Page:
- Sixthly, it is my will and desire that my negro man slave named Jack aged about twenty four years, also my negro man slave named Ben aged about nineteen years, also my negro woman slave named Rose aged about twenty-six years together with what children she may hereafter have, if any before the death of my wife Hannah, also my negro girl slave named Elisa aged about eleven years, also my negro, girl slave named Scinthis aged about seven years, also my negro boy slave named Thomas aged about four years, also my negro girl slave named Harriett aged about two years, also my negro girl slave named Maria aged about two months, the last four named slaves being children of the above named Rose, shall all and each at the time of the death of my beloved wife Hannah, to whom they are given during her natural life as mentiorred in the third article - be liberated from slavery, and forever and entirely set free, provided those who are not now of age or shall or shall not have arrived to the age of twenty-one years at the happening of the death of my beloved wife Hannah shall be subject to the following disposition (viz) Eliza shall at the contract and under the direction of my brother Samuel McCutchen until her arrival at the age of twenty-one years and then be set free. Scinthia, Ben, Thomas, Harriet and Maria shall be at the contract and under the direction of James Marshall my wife's brother until they shall each respectively arrive at the age of twenty-one years at which time or times they are to be each respectively liberated and forever set free.
- Lastly, I do hereby nominate and appoint my beloved wife Hannah, my trusty and wellbeloved brother Samuel McCutchen and my trusty friend James Marshall executors of this my last will and testament. In witness whereof I have hereunto set my hand and seal this twenty ninth day of April in the year of our Lord one thousand eight hundred and twelve. (1812).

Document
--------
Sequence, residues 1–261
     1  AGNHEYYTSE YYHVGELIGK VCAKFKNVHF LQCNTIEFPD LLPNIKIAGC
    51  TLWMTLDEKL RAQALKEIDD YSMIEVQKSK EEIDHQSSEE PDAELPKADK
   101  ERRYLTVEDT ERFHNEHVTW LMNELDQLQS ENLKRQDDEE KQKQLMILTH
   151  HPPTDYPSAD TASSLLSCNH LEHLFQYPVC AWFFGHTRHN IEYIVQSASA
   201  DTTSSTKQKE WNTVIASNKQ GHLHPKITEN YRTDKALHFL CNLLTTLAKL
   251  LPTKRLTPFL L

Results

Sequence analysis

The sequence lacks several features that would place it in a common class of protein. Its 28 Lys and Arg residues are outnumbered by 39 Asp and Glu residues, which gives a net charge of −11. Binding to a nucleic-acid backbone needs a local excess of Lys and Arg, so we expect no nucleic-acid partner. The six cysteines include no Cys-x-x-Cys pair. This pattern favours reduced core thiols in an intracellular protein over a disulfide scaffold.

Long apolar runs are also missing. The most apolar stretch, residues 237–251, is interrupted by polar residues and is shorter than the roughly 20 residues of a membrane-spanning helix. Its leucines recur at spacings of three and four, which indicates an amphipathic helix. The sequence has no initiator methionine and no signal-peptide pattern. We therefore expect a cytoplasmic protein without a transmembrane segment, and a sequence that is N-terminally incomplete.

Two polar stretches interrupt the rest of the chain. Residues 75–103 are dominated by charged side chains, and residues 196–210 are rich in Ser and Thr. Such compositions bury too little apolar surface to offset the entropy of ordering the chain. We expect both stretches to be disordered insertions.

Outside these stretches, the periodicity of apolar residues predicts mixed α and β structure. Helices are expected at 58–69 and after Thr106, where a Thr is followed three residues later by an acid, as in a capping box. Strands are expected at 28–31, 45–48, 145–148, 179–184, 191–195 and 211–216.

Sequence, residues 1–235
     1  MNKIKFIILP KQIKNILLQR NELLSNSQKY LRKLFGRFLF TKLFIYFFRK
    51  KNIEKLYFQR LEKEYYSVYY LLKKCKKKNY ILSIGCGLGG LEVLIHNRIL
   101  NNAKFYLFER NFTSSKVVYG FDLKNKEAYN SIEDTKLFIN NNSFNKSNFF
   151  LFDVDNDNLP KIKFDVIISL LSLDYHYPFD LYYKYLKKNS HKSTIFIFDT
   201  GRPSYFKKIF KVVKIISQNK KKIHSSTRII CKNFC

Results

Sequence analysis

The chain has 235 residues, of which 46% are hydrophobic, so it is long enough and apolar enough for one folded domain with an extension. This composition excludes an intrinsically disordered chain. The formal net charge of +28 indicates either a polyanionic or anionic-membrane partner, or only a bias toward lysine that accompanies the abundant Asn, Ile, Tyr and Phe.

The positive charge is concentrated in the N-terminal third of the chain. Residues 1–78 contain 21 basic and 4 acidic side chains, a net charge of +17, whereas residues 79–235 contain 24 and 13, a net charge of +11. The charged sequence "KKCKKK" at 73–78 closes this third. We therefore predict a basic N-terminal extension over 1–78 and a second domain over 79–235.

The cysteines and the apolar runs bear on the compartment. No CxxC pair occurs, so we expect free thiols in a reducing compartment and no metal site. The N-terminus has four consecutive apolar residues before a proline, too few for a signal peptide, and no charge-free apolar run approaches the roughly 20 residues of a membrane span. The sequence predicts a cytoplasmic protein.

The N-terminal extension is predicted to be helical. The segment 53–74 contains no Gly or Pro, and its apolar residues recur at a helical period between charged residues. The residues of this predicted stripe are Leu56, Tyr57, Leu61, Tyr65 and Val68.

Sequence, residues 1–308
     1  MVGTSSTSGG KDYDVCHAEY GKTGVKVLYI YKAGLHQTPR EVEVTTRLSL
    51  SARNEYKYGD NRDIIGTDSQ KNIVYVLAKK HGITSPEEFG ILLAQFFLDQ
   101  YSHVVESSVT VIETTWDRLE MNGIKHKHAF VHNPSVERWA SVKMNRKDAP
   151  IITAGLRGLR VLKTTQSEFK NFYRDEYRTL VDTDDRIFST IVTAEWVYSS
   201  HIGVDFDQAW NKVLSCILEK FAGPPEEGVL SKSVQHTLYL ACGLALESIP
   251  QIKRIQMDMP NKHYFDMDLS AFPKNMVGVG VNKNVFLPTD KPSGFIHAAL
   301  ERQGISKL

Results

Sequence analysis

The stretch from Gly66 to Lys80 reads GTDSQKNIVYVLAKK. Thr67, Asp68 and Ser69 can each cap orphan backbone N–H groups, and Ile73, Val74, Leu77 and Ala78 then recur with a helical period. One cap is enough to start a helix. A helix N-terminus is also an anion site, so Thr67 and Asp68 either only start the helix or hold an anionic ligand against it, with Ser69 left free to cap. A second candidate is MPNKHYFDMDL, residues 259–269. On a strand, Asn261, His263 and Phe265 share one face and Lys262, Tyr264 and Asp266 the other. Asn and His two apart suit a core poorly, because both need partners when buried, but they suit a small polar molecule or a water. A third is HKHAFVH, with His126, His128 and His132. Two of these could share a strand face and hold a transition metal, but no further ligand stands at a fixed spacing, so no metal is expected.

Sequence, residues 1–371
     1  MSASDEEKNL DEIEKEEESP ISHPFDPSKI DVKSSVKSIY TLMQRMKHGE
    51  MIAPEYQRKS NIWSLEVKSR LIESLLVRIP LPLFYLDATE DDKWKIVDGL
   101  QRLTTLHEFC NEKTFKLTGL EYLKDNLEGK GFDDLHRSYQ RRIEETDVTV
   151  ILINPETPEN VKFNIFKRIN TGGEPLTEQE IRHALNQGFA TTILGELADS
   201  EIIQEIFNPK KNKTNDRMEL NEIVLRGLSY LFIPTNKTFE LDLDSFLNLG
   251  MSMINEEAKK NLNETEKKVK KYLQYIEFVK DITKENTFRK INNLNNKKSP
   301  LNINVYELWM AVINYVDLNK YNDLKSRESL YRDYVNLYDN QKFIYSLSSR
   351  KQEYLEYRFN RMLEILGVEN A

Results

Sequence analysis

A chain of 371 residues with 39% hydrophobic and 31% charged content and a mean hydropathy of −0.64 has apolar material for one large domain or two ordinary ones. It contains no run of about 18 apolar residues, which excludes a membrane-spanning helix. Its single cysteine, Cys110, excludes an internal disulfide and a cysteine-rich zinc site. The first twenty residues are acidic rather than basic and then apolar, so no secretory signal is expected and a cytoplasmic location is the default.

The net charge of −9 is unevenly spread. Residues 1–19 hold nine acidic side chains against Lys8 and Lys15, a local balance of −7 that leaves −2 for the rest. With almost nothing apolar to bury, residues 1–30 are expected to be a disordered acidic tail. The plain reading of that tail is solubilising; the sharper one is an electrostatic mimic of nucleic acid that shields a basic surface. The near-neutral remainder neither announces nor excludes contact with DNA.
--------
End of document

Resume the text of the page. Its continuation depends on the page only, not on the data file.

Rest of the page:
- Signed - Patrick McCutchen (Seal)
- Signed and sealed in the presence of us John Hardeman - William Marshall.
- R is my will and desire I do hereby make as part of my will'and which shall be of equal validity, the following additional and explanatory article. Whereas some doubts may be entertained respecting the construction of the fifth article and as I find upon review of the Subject I have not expressed my meaning with sufficient prespecurity I declare this to be my will and meaning of the fifth article. Patrick McCutchen named in that article is to be joint legatee with Elizabeth Larkins of the land only, and Elizabeth Larkins sole residue or legatee of the personal property, which shall remain at the death of my wife. In witness whereof I have hereunto set my hand and seal the day and date above written.
- Signed Patrick McCutchen (Seal)
- John Hardeman
- William Marshal
Information on Patrick McCutcheon
CHAPTER III [The McCutchen Trace" ]